College Students with Aspergers Give Their Experienced Advice: Part 3

Continuing our occasional theme of listening to the advice of college students who have “been there and done that,” please join me in listening to recommendations provided by four graduates of Marshall University.

College Students

Bradley, Nathan, Stephen, and Brian, each 2013 graduates of the university, responded to questions about personal goals, their experience with support programs, what they liked about campus, etc. But it is the final question I’d like to focus on for this essay.

What advice would you give the freshman “you,” if you could talk with your younger self prior to entering college?

Lessons Learned: Part 2

Lessons Learned From the Kids with Diverse Abilities:

I say diverse abilities because one thing that I have learned from working and playing with children and adults with developmental disabilities is that they understand more than neuro-typical children and adults do. You may understand if you’ve ever heard the phrase “Dance like no one is watching,” and if you crave the freedom and joy that behaving that way can bring.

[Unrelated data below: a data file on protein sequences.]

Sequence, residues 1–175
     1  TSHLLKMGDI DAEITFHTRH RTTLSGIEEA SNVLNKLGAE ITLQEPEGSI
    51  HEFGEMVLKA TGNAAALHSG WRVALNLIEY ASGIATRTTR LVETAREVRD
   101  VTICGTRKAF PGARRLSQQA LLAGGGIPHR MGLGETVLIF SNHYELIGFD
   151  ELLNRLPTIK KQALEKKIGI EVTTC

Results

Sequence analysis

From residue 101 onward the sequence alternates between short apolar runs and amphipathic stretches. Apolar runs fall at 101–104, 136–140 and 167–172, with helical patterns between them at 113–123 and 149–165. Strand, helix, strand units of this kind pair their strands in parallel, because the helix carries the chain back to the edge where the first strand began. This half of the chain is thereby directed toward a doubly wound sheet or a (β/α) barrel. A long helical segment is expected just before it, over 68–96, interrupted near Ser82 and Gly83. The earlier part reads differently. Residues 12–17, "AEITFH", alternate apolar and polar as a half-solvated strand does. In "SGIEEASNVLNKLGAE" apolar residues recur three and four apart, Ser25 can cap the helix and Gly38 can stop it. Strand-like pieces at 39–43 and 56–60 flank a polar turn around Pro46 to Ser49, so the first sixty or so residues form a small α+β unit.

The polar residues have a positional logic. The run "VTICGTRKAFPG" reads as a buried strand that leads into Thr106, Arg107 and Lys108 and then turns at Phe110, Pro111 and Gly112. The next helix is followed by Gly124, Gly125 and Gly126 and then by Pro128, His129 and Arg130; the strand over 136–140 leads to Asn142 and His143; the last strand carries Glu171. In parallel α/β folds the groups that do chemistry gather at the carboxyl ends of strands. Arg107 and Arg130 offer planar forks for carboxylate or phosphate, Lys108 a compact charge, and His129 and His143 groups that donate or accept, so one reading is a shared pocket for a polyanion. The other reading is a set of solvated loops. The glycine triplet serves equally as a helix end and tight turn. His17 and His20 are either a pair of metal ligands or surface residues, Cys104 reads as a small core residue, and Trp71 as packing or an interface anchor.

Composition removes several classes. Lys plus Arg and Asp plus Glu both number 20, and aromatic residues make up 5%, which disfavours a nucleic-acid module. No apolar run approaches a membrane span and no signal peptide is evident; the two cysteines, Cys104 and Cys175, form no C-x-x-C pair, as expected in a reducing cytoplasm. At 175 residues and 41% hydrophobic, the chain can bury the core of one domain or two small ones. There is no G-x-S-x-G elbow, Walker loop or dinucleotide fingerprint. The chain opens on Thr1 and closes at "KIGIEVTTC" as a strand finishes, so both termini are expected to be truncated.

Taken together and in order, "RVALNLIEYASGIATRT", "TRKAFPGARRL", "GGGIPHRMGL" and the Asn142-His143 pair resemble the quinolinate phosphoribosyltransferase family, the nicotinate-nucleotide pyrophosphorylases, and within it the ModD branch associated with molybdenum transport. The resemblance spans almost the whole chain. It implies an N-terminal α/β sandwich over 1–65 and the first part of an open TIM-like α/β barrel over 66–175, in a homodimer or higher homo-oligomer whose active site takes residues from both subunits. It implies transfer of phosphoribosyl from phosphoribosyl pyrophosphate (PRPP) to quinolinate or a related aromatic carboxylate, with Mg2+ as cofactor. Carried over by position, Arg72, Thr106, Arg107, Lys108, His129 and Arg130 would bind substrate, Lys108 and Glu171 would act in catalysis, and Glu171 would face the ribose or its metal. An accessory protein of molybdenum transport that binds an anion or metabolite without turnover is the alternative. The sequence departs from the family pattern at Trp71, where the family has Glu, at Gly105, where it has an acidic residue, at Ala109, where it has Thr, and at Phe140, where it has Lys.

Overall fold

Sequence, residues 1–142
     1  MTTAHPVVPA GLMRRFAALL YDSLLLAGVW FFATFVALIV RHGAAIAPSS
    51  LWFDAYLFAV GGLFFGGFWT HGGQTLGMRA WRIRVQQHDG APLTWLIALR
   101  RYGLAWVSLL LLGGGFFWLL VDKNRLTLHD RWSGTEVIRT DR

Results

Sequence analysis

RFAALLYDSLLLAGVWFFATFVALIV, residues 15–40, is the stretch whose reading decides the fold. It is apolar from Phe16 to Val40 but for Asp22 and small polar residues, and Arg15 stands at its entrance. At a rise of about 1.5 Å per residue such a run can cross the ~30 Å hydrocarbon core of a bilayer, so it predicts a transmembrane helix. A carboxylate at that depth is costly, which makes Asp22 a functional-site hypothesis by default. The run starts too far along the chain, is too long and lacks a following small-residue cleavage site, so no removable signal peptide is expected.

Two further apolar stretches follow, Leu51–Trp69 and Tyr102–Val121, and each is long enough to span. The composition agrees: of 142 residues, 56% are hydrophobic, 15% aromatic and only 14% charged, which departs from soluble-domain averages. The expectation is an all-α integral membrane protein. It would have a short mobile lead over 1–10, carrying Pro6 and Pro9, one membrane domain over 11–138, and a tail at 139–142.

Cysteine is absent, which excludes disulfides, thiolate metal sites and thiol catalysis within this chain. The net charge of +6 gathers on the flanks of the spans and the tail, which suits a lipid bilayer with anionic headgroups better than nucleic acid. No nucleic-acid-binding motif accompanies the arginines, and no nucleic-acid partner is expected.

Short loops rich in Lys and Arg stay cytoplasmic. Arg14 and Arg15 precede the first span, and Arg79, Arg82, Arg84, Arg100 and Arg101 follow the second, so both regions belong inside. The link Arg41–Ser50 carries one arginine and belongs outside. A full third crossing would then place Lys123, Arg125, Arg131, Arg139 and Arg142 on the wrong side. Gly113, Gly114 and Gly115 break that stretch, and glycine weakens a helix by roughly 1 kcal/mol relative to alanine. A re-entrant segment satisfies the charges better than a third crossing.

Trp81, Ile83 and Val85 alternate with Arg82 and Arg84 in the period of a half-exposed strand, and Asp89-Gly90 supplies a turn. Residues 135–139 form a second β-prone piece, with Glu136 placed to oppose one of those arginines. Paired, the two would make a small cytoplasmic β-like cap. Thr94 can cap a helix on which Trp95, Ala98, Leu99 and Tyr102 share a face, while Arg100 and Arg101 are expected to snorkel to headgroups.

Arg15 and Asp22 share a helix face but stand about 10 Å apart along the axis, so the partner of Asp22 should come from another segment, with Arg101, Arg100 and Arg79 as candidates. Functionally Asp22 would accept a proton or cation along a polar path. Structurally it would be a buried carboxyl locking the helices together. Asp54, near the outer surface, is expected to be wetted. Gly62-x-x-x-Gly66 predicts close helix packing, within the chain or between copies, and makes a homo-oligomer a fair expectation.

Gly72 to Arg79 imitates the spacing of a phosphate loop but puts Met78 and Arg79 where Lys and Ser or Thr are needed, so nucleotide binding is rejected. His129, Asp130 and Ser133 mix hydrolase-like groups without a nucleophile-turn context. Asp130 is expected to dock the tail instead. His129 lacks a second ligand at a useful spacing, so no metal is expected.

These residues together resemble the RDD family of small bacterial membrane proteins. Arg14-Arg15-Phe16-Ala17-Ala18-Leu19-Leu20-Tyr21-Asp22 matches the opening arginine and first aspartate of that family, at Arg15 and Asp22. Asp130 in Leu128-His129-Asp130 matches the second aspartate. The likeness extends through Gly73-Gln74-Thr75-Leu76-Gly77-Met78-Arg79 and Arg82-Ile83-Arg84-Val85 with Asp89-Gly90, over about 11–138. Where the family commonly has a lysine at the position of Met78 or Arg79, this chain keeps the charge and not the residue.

Silhouette, group of happy children playing on meadow, sunset, summertime

They live their lives like no one is watching. They may not even have the ability to sensor their thoughts. This really brings a sense of freedom and joy that no one else (I know) can truly understand. It is the rest of the world who has a problem with what a child like this does and says. If society could be “okay” with this, than they could be “okay” with truly BEING authentic with who they are. These children taught me so much about being authentic and not worrying about what other people see or think. It was years later, when I became a mother again, that I realized just how much they taught me.